Your email is not valid
Recipient's email is not valid
Submit Close

Your email has been sent.

Click here to send another

A Wobbly Leg

The willful ignorance of reality tv can be all too unreal

Print Email

I’m not ashamed to admit my affinity for The Amazing Race, now in its sixth season. This show does fall victim to the trappings of all “reality” television shows—dysfunctional couples, breast implants—but the pace and international backdrops, I like to tell myself, make it better than the others. Imagine my surprise the other night when my guilty pleasure made me feel so bad.

The premise is simple: teams of two dash around the world, completing tasks in a quest for $1 million. At each stop the producers make a somewhat cheesy attempt to infuse the tasks with some element of local culture: rowing a Viking ship in Oslo, gorging on caviar in St. Petersburg.

This week, the show opened in Senegal on Goreé Island, the last stop for millions of Africans sold into slavery, where contestants took time to say a prayer and shed a tear. Next stop Berlin, where the first clue was found in front of a section of the dismantled wall. This clue led teams past a bombed-out church and to the Broken Chain sculpture to, in host Phil Keoghan’s words, “commemorate the devastation of World War Two.”

I felt like my TiVo must have skipped. If the contestants had flown in from sheep herding in New Zealand to revisit the Bauhaus or partake in Oktoberfest, fine by me. Maybe the producers felt it would be rude to bring up the Holocaust in Germany, like insulting the host’s cooking at a dinner party. Maybe Daniel Libeskind’s Jewish Museum was too far out of the way. But going from the memorial ceremony at an African slave port to a casual jog around genocide left me feeling cheated.

“It’s nice sometimes when the show slows down to acknowledge history,” Phil says on the CBS website. “Those moments are really good because, you know, they just make you think.” Clearly Phil and friends didn’t want anyone to think too hard on this leg.

Print Email

COMMENTING CHARGES
Daily rate: $2
Monthly rate: $18
Yearly rate: $180

WAIT, WHY DO I HAVE TO PAY TO COMMENT?
Tablet is committed to bringing you the best, smartest, most enlightening and entertaining reporting and writing on Jewish life, all free of charge. We take pride in our community of readers, and are thrilled that you choose to engage with us in a way that is both thoughtful and thought-provoking. But the Internet, for all of its wonders, poses challenges to civilized and constructive discussion, allowing vocal—and, often, anonymous—minorities to drag it down with invective (and worse). Starting today, then, we are asking people who'd like to post comments on the site to pay a nominal fee—less a paywall than a gesture of your own commitment to the cause of great conversation. All proceeds go to helping us bring you the ambitious journalism that brought you here in the first place.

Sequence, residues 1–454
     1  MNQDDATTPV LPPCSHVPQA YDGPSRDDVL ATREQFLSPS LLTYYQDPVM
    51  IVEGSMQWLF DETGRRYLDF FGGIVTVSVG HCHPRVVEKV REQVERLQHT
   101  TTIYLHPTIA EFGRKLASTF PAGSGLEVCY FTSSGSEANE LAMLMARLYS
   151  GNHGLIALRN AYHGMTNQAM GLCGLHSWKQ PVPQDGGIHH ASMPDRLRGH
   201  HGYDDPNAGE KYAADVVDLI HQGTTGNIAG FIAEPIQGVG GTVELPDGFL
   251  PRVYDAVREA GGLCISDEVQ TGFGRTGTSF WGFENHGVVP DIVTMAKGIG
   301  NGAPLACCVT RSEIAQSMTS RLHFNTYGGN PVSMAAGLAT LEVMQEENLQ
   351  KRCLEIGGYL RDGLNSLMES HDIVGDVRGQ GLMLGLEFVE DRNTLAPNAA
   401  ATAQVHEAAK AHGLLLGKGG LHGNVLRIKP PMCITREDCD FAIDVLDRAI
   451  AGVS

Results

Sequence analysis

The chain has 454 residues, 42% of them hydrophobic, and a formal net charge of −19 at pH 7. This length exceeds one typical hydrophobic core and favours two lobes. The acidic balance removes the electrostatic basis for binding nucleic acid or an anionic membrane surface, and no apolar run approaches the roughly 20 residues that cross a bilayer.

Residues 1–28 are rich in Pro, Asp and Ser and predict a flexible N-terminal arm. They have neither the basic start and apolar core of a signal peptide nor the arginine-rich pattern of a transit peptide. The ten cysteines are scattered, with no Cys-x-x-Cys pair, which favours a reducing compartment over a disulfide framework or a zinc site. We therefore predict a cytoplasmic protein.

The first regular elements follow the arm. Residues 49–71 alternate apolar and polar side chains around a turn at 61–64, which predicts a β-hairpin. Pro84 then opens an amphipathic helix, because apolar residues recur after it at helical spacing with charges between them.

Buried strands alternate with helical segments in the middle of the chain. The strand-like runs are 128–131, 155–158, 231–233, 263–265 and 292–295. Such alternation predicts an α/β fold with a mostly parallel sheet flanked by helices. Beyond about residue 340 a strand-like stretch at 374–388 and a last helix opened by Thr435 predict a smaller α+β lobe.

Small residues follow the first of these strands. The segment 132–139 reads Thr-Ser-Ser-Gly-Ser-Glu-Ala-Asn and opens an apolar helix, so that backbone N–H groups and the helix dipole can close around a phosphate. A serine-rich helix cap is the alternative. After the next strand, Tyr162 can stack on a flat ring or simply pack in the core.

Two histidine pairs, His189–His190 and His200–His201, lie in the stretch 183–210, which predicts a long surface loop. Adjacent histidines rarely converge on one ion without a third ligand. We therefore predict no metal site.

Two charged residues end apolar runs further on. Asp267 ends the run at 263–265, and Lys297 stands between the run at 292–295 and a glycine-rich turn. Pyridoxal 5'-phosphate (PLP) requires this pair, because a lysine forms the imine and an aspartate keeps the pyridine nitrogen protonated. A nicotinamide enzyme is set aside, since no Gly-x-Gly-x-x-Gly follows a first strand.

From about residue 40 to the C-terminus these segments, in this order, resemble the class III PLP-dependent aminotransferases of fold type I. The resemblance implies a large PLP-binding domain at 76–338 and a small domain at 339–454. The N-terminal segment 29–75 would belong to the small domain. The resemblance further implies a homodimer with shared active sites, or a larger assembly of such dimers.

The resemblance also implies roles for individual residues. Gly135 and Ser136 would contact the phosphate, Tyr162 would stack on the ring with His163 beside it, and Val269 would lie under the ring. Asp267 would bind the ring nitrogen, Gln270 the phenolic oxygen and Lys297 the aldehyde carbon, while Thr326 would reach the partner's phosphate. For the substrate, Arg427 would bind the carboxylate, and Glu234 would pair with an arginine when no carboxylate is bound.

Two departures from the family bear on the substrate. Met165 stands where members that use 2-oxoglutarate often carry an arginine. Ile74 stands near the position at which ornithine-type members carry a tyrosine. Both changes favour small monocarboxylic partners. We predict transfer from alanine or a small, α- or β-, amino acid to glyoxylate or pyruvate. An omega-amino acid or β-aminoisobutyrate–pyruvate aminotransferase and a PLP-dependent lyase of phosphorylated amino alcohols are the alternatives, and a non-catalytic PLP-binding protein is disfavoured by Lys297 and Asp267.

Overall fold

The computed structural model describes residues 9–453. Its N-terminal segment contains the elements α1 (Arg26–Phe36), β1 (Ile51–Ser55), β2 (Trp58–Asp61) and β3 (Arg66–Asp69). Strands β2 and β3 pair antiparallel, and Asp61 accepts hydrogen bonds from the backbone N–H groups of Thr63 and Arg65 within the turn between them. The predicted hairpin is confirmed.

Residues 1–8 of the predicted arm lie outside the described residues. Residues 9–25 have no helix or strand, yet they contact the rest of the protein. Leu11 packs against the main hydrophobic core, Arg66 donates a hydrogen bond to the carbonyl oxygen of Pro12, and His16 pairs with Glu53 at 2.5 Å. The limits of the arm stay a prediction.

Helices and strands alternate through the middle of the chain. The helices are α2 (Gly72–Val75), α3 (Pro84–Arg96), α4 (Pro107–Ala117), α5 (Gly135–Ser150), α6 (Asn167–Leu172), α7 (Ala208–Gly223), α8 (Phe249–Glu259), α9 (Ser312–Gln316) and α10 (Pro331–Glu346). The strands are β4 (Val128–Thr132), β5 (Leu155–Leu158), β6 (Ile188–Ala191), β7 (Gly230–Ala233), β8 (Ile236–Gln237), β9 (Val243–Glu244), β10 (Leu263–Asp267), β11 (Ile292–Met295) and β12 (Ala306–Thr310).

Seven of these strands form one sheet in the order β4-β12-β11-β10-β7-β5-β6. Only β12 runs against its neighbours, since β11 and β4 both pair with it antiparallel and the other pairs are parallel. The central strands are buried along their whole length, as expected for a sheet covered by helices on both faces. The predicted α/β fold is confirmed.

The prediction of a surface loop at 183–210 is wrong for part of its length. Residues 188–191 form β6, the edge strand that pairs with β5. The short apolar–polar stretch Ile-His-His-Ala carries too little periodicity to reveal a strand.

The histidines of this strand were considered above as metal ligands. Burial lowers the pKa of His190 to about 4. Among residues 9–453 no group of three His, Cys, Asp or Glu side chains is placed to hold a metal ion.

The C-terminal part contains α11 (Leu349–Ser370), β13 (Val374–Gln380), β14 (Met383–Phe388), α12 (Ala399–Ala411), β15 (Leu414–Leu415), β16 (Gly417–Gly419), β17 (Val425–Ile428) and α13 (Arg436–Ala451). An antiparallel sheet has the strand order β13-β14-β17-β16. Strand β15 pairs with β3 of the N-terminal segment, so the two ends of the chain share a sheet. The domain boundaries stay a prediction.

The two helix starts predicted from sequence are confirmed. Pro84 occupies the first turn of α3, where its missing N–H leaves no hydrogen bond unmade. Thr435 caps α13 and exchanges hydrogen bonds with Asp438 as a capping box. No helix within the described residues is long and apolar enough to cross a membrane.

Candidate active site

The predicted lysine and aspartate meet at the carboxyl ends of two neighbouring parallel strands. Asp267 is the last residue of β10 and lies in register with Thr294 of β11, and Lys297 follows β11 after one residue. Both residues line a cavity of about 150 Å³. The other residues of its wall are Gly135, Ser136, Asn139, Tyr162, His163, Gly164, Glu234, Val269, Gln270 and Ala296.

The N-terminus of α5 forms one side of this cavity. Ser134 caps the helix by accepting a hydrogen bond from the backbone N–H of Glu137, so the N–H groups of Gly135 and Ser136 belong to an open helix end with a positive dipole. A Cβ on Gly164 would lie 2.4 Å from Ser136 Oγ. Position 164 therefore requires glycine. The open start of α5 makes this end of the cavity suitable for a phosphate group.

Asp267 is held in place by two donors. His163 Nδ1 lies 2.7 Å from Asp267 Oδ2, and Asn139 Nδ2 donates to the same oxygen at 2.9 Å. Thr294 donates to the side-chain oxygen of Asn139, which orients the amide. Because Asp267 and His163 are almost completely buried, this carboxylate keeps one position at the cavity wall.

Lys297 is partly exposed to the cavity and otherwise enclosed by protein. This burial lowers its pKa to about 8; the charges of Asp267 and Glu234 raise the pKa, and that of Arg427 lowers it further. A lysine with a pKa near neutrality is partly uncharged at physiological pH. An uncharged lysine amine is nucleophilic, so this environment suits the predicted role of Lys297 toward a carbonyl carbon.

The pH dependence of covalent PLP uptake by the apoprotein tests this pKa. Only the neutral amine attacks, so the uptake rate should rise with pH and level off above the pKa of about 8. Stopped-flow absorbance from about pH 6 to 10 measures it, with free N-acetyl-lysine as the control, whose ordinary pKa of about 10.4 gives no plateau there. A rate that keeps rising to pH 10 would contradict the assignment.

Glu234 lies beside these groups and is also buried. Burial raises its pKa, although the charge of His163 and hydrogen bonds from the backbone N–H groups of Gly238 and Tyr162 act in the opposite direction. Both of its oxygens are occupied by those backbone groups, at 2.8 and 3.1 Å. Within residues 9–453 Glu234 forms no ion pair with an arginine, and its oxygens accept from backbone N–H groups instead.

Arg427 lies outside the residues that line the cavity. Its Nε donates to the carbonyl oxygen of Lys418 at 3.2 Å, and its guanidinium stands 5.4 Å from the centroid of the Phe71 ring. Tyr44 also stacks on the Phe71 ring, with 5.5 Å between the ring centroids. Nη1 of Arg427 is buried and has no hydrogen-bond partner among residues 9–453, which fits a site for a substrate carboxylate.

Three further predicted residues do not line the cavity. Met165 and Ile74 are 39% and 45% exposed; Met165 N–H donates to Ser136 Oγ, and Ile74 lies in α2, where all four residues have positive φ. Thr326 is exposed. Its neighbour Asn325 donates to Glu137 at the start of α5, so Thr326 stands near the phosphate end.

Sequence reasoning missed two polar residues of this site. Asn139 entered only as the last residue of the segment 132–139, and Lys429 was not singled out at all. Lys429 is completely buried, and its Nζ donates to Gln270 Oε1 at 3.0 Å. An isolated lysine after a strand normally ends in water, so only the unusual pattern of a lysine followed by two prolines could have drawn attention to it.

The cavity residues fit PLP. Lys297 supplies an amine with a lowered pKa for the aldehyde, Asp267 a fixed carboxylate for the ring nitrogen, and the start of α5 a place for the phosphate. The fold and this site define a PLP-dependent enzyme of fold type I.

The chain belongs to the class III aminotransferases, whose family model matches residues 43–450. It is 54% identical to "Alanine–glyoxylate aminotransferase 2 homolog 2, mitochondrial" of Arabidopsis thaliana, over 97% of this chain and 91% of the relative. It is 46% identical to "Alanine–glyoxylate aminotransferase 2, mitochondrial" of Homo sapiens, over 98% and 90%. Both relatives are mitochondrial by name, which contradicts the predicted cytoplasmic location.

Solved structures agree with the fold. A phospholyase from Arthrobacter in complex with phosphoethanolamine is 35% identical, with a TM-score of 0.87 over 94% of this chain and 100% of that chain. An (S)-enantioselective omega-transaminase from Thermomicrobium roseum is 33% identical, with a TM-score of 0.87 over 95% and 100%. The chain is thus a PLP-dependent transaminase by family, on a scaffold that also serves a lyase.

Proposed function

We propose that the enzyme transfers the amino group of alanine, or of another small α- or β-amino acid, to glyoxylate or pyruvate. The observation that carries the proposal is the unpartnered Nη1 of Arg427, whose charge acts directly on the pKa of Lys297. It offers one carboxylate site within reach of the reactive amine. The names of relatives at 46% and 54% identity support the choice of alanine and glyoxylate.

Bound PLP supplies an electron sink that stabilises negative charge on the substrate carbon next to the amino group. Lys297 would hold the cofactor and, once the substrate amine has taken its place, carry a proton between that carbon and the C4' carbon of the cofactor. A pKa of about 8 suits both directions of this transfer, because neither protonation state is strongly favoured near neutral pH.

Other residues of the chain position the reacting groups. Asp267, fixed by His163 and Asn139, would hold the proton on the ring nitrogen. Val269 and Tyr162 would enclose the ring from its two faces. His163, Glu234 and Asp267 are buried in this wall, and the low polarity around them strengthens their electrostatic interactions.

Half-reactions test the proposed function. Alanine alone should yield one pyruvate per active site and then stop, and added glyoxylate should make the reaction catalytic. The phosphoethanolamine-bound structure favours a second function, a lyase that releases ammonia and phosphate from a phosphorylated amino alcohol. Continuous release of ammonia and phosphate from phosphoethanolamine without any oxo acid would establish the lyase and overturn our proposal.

I NEED TO BE HEARD! BUT I DONT WANT TO PAY.
Readers can still interact with us free of charge via Facebook, Twitter, and our other social media channels, or write to us at letters@tabletmag.com. Each week, we’ll select the best letters and publish them in a new letters to the editor feature on the Scroll.

We hope this new largely symbolic measure will help us create a more pleasant and cultivated environment for all of our readers, and, as always, we thank you deeply for your support.

Thanks for taking the time to debate this, I feel strongly about it and love learning more on this topic. If possible, as you acquire expertise, would you thoughts updating your blog with extra information? It is extremely helpful for me.

Thanks for this. Great article !

You might be a redneck if: Your computer has a bumper sticker on it.

2000

Your comment may be no longer than 2,000 characters, approximately 400 words. HTML tags are not permitted, nor are more than two URLs per comment. We reserve the right to delete inappropriate comments.

Thank You!

Thank you for subscribing to the Tablet Magazine Daily Digest.
Please tell us about you.

A Wobbly Leg

The willful ignorance of reality tv can be all too unreal

More on Tablet:

A Grandfather’s Hidden Love Letters From Nazi Germany Reveal a Buried Past

By Vox Tablet — Reporter Sarah Wildman’s grandfather escaped Vienna in 1938. Long after he died, she discovered the life—and lover—he left behind.